Queens Belfast dental school under threat

The school of dentistry at Queen’s University in Belfast is at the centre of an official probe over concerns about the level of resources and quality of teaching. The university is at risk of losing the accreditation it requires from the General Dental Council (GDC) to allow it to teach dental students. It comes as Queen’s is having to make £11m in efficiency savings and absorb 200 job losses.

The GDC’s chief executive and registrar, Evlynne Gilvarry, has written to the vice chancellor at Queen’s following concerns about the level of resources being dedicated to teaching dentistry. The GDC, which quality assures the education of dentists across the UK, subsequently carried out an inspection and is due to publish its report within months.

The results of the inspection are not yet known, but it has called into question the standards of teaching on the Queen’s dental course — which was named the top course in the UK just three years ago by the Times Good University Guide.

At the time, Professor Paddy Johnston, Dean of the School of Medicine and Dentistry at Queen’s, said: “This is a wonderful achievement by my dental colleagues, especially as we drive towards the development of an international research-led dental school in the next few years.”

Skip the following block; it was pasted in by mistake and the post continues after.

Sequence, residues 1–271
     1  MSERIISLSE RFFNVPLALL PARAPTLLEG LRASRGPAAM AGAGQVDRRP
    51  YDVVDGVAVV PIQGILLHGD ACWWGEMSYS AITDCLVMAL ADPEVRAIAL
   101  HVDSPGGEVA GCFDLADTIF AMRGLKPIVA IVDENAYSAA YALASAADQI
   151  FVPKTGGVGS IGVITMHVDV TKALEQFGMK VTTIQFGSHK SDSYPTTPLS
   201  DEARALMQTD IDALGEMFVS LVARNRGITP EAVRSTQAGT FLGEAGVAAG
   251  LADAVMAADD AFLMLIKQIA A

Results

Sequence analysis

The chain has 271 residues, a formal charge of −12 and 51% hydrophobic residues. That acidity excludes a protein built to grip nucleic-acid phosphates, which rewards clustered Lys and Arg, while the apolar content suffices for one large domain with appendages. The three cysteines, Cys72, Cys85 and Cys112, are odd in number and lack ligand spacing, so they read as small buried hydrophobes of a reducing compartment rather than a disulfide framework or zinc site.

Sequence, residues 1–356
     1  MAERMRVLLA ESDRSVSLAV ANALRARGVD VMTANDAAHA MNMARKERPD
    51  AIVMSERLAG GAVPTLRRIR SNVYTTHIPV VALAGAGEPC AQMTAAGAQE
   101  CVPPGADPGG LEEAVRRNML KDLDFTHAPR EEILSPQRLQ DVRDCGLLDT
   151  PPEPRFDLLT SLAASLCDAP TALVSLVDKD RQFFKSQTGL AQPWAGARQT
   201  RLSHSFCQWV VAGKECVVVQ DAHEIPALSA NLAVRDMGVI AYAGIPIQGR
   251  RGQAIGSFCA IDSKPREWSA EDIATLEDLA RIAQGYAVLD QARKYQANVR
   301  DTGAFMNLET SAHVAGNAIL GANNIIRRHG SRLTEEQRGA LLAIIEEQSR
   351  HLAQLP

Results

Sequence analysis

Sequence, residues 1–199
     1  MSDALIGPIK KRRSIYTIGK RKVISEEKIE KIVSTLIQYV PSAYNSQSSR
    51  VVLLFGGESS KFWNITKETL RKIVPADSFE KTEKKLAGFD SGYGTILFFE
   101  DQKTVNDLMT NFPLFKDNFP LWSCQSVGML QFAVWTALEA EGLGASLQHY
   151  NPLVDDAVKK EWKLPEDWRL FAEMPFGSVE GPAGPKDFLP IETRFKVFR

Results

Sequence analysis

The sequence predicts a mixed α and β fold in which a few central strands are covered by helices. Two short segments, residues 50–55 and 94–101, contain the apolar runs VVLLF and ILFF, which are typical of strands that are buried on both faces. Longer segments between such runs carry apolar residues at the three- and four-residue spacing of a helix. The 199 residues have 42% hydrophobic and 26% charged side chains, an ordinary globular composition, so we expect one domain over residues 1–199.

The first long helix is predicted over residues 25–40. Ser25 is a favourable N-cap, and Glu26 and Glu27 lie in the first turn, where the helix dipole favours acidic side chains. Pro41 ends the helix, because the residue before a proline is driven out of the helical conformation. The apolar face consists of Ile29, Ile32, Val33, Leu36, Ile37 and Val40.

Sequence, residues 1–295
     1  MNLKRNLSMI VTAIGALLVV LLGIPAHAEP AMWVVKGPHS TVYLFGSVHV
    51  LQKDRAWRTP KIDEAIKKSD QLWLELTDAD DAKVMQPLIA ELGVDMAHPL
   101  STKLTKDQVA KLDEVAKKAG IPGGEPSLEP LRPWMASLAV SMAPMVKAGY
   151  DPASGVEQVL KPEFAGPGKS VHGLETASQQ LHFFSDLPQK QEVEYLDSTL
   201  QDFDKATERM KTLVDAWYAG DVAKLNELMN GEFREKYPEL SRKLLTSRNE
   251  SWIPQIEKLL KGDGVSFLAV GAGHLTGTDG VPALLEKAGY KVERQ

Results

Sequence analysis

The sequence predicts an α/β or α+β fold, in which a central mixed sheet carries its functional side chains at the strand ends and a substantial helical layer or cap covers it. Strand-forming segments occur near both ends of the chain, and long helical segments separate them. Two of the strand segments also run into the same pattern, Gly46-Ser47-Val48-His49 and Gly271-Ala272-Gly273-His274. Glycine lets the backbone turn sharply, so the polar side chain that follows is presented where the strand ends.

Jim Wells, deputy chair of the Stormont health committee, said he was disappointed to learn about the inspection. “We don’t know what the findings of the inspection will be but it is extremely worrying that professionals felt the need to raise concerns in the first place,” he added. “This is a blow for the university and hopefully will not result in the closure of the dental |school, which would be an absolute disaster.”


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